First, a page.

(Side note: sex after your team loses, while not as good as after your team wins, is still very nice.)
The dog days of summer are dragging on. I try to watch a YouTube video of some highlight of the Red Wings' championship each day. I laugh when I read Lions' news on MLive. I scowl when I read the latest trade rumors involving the Pistons. I indulge my self-loathing side when I watch the Tigers slip further behind Chicago.
But in the end...all roads lead back to Ann Arbor.
Sometimes I watch some of Wolverine Historian's videos on YouTube. Sometimes I browse MGoBlog's archives. I obsessively browse Rivals and Scout for recruiting news and daydream about high school kids - people now YOUNGER than me - picking Michigan as their college destination. I do whatever I can to get a fix. If Michigan football was as deadly as heroin, I would've been dead before I turned 13 years old. But it's not as deadly. It just happens to be as addictive.
All the while...I wish that I had been born ten years earlier than I was. I was born on Wednesday, October 26th, 1988 - four days after Michigan beat Iowa and three days before they beat Northwestern. I overlook the fact that I was born during Notre Dame's championship season and dwell on the fact that I was born during the midst of a season that ended with Bo's last Rose Bowl win.
My earliest memories of Michigan football - faded with the passage of time and the blurriness of a young boy's mind - are from 1997, the glorious year we all look back on and remember with a twinkle in our eyes. I reportedly watched the 1995 and 1996 Ohio State games intently, but there is nothing in my mind. There is no memory of sitting on the couch in my living room watching the television as Tim Biakabutuka ran for 313 yards and Tai Streets beat a fallen Shawn Springs in Columbus. The most vivid memories I have of Ohio State are all ones I want to forget.
I wonder what it was like for Michigan fans that were my age in the mid 1990s. Was it as enjoyable then as it is to reflect upon now? The sweet taste of beating Ohio State, which seems completely foreign now, was it as sweet as remembering it years later? Do we now understand what Ohio State fans went through in the 90s? Do we anguish abotu Marquise Walker's drop as they anguished about Shawn Springs' slip? Was the agony that OSU fans felt in the decade of Cooper as terrible as the pain we feel now?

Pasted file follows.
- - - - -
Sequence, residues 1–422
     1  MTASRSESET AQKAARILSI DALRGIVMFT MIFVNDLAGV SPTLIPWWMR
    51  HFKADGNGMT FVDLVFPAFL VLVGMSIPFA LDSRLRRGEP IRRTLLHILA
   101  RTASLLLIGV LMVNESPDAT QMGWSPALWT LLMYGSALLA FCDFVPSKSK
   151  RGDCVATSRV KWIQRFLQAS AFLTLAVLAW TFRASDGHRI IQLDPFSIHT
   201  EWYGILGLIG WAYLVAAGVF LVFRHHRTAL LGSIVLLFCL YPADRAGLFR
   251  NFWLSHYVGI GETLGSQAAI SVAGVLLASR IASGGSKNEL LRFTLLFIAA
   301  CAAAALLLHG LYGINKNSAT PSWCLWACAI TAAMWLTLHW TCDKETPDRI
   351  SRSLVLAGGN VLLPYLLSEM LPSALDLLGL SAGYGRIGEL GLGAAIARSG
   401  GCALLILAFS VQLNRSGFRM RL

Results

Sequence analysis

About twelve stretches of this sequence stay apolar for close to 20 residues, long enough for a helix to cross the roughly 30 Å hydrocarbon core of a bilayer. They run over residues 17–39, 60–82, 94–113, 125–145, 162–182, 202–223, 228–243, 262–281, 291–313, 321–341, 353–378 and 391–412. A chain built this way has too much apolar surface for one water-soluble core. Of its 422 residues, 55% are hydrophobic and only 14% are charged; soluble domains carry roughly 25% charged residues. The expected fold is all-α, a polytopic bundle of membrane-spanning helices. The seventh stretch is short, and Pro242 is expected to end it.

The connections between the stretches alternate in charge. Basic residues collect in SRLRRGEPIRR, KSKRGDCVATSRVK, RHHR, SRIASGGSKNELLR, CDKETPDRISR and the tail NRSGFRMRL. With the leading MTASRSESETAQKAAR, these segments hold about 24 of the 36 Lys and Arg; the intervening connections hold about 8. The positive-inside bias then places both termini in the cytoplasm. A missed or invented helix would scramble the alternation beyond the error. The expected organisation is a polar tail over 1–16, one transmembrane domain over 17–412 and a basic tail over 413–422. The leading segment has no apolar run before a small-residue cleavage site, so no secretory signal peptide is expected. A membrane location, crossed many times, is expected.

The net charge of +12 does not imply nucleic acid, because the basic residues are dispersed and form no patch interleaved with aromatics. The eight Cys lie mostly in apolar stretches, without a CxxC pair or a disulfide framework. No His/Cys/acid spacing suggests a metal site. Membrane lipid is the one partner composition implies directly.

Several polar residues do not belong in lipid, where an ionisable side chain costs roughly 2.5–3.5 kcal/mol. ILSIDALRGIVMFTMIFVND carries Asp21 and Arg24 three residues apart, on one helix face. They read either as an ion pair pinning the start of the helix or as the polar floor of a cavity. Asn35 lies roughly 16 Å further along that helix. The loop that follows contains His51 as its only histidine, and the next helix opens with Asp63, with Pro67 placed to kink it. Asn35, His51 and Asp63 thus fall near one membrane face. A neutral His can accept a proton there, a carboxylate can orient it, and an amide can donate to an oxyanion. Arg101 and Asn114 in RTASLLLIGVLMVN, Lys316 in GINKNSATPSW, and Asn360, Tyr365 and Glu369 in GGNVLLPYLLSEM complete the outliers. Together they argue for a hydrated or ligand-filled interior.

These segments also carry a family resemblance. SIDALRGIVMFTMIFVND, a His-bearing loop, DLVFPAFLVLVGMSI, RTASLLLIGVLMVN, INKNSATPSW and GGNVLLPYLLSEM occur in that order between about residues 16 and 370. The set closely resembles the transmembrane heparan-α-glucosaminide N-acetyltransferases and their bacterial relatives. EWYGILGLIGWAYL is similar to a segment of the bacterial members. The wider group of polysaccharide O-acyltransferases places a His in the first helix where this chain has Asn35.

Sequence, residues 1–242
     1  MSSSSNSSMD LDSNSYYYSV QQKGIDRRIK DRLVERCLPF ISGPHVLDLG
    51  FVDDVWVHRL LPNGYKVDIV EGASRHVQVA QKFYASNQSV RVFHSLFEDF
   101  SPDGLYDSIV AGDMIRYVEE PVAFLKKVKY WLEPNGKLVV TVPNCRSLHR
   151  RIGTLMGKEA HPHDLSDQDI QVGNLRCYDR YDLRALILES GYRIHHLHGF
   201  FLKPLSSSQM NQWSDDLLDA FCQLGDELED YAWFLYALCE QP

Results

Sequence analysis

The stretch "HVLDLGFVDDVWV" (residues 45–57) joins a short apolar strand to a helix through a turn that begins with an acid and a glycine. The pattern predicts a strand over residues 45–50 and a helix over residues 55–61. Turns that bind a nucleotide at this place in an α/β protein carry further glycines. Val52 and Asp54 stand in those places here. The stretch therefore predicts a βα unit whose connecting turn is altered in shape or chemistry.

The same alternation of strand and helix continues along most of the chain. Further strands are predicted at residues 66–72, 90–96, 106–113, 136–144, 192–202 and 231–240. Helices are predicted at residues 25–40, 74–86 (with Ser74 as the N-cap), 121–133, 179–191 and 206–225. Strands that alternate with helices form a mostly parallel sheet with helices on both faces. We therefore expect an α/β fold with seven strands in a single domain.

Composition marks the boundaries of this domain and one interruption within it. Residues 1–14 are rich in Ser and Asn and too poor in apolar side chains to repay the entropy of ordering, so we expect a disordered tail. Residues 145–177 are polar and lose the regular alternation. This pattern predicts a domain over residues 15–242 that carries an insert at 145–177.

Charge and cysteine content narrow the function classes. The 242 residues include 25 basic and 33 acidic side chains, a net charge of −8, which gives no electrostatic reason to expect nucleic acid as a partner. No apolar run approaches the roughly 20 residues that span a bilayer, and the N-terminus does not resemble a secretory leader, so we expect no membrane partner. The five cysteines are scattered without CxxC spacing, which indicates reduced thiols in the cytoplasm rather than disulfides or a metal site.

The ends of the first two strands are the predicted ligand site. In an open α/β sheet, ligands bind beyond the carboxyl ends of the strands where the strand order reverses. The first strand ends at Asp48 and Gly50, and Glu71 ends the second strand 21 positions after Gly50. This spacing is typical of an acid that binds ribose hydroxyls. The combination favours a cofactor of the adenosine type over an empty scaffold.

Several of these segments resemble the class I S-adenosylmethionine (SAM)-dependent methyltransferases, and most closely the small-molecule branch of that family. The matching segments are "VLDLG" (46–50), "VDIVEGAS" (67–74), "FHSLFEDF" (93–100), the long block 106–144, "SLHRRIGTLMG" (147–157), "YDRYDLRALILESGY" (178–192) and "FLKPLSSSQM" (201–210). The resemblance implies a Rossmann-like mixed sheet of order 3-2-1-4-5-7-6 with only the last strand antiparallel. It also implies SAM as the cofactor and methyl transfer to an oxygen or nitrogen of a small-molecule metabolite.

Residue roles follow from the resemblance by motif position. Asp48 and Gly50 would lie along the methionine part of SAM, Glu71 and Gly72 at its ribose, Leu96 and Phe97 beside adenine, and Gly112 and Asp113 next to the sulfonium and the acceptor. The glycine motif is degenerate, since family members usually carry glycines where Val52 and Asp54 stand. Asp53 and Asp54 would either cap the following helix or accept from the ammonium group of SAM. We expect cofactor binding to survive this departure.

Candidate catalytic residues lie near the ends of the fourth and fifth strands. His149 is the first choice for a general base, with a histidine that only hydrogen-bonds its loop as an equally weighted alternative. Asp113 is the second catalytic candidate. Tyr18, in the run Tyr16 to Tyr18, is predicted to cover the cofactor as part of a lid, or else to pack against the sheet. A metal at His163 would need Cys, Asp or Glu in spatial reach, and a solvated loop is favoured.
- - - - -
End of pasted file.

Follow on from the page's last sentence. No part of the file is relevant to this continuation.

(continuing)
For coaches, monumental rivalry games are tricky. You have to find the balance between complete obsession and naive dismissal. If you obsess about one game all year and then lose it (see: Michigan State 2007), is there a more deflating feeling? On the other hand, if you treat it as "just another game" and then lose it (see: John Cooper), you face the wrath of all who follow you. Jim Tressel has successfully found that balance. He never puts all of his eggs in the Michigan basket, but he puts enough in it to make sure all of his players realize its significance. We, as Michigan fans, seem almost contractually obligated to spit at the very mention of his name, to dismiss him as a cheater. His track record points to two things: one, dubious behavior has indeed followed him throughout his coaching career, but two, nothing has ever stuck.
People like to point out that the NCAA has no guts, that their nuking of SMU in 1987 which effectively ended that program's competitiveness ended the NCAA's ability to completely control those that made money for it. The NCAA's Death Penalty is just that: it's a death sentence for any program that is stupid enough to break enough rules to warrant it. Alabama came close in 2002 when they were caught red-handed literally trying to buy a player. The NCAA lowered the hammer on them, and still there were cries of outrage that the Tide got off easy because it's one of the NCAA's golden schools.
The truth is - and even I say this skeptically as USC continues to operate with impunity despite pretty damning evidence that Reggie Bush swam in cash under their watch - if you cheat, the NCAA will bust you, and some form of sanctions will be dealt out. The fact is, despite all of Clarett's allegations, Troy Smith's 500 dollar handshake, all the innuendo that spreads throughout the internet, Ohio State hasn't been busted yet. The deranged Michigan fan will say it's because the NCAA is looking out for one of their cornerstones. The depressed Michigan fan will say it's because nothing of substance is actually happening, and Ohio State just owns us.